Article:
Miscellaneous Masterpiece: Mother Love Bone – Stardog Champion


    If you look close enough, tucked away in your local CD Warehouse or Sam Goody, there’s a copy of Stardog Champion–a compilation of two albums by Mother Love Bone. For those who aren’t familiar, sit back and relax because this has become a history lesson.

    Right on the cusp of a grunge revolution in 1988, there were some guys in long hair and faded denim from a newly recognized Seattle, WA underground scene. These select few decided they were going to infuse post-Zeppelin rock into the infantile alternative ’90s scene ahead. What they would face is a tragic fame wielded by Sublime, Snot and Blind Melon. Andrew Wood had the vocals to define real emotions. He had honed this talent with his brother Kevin in a band called Malfunkshun which (alongside The Melvins and Green River) is considered a progenitor of alternative rock music.

    On Mother Love Bone’s 1989 debut, Shine, critics began comparing Wood to Robert Plant or Axl Rose, with his strong tenor and thick West coast accent. The five song EP was raw and heavy, save for an 8+ minute piano-laced epic titled “Chloe Dancer/Crown of Thorns” (a track later dubbed one of the band’s best works).


    Chloe don’t know better
    Chloe just like me, only beautiful
    A couple of years of difference
    But those lessons never learned
    Chloe danced the tables in the French Quarter
    Always been given so I can’t always make her laugh
    But I’m proud to say
    And I won’t forget
    Time spent laying by her side
    Time spent laying by her side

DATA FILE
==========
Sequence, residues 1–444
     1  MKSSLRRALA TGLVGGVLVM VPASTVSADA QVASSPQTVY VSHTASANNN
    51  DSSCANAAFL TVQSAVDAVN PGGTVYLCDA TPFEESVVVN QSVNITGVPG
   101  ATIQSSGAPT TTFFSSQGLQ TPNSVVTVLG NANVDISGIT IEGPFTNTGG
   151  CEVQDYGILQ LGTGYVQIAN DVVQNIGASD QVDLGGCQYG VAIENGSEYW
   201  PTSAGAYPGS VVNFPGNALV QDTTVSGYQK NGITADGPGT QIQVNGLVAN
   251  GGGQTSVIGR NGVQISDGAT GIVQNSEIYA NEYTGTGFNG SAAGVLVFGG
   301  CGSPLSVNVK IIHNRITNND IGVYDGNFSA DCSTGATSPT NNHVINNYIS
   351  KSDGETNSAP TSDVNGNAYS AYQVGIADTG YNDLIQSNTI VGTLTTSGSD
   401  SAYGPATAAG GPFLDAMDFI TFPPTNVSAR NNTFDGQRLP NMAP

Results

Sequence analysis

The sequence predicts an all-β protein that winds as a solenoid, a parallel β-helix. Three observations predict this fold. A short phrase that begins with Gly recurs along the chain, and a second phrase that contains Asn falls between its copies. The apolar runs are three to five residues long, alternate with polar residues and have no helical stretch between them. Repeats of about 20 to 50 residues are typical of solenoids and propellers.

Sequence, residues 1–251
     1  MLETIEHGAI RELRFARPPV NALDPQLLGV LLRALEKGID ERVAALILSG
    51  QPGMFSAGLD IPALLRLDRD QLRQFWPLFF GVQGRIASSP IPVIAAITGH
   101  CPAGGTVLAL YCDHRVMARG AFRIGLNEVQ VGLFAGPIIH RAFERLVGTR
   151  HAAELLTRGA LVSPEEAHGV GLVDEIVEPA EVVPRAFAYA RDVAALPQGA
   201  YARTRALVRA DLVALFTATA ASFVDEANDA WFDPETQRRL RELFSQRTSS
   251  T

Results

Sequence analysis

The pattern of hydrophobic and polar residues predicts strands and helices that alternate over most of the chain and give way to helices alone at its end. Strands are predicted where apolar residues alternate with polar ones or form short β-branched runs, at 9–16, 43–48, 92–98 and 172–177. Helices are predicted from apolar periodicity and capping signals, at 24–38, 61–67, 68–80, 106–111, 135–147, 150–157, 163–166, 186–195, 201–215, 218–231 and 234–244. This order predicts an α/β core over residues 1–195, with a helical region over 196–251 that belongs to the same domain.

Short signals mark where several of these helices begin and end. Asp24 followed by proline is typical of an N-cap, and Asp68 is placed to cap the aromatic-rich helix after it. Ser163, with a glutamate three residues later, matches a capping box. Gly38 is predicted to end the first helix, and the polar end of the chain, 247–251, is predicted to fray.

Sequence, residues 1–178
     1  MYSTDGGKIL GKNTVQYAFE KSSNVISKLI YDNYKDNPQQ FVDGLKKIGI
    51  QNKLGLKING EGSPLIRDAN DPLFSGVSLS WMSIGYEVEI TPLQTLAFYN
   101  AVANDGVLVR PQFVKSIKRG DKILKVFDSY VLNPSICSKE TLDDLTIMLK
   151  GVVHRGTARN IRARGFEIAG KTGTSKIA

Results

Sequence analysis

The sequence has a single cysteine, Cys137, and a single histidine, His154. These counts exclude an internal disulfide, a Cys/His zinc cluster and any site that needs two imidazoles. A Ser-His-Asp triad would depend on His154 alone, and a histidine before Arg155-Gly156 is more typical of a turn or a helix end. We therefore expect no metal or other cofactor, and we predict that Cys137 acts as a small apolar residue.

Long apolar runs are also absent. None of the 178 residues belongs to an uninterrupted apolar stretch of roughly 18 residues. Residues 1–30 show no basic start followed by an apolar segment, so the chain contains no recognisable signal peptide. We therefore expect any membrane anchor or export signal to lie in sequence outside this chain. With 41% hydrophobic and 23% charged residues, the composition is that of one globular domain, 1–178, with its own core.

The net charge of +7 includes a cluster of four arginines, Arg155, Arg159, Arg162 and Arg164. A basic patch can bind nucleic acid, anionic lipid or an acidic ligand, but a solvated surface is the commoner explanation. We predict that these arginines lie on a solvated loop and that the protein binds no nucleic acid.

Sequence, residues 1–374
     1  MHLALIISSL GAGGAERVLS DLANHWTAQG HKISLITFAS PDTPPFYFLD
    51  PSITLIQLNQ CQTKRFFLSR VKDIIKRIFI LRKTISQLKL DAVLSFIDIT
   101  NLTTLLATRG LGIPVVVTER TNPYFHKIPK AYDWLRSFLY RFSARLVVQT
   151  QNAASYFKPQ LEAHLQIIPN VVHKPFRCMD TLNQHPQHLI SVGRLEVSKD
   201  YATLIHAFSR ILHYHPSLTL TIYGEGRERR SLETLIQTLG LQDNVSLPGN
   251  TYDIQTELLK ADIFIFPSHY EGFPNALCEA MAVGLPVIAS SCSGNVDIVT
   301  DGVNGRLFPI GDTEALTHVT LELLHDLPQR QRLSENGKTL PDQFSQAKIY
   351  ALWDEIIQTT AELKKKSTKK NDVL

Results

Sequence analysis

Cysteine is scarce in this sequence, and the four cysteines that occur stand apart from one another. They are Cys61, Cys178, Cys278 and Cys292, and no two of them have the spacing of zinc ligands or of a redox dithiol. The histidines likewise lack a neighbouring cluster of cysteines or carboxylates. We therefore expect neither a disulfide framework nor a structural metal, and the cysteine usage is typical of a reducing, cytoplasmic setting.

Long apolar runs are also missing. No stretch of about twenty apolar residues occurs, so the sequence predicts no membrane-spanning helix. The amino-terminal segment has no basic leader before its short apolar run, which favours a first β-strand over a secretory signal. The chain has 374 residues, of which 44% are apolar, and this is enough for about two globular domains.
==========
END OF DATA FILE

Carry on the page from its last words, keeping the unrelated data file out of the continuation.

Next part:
And dreams like this must die

    You ever heard the story of Mr. Faded Glory?
    Say he who rides a pony must someday fall
    I been talkin’ to my altar
    Life is what you make it
    And if you make it death well then rest
    your soul away

    John Book of Allmusic would later state that this “record contributed to the buzz about the Seattle music scene.” Thus, we find Mother Love Bone later recording at The Plant in Sausalito, CA for a March release of the group’s first full-length album, Apple.  By this point, Dave Grohl was joining Nirvana after a string of failed drummers and Soundgarden were coming into its own; the state of Washington was revving the engines and rearing to take over.

    An unfortunate truth about this time in music was a sudden rise in musician fatalities–Kurt Cobain being most known in 1994, Shannon Hoon of Blind Melon, Layne Staley of Alice In Chains, and Bradley Nowell of Sublime, to name a few. Andrew Wood was a heavy drug user and heroin claimed his soul only days before the scheduled release of Apple in 1990, and another young artist was cut upon in the rebel dance shuffle of Generation X.


    It should be noted that we are not here to hold up another dead rock star for martyrdom. Wood’s band later became famous on different measures. Upon the release of Apple, we heard the spellbinding atmosphere of “Bone China”, the funk of “Capricorn Sister”, the influential “Man of Golden Words”, and the alt-’80s tone of “Stargazer” or “This Is Shangrila”.  This one and only full release reached 34 on Billboard’s Top Heatseekers of 1992, leading a wave of rock from Seattle that would define popular rock music in America for decades and thankfully thrust glam rock into obscurity.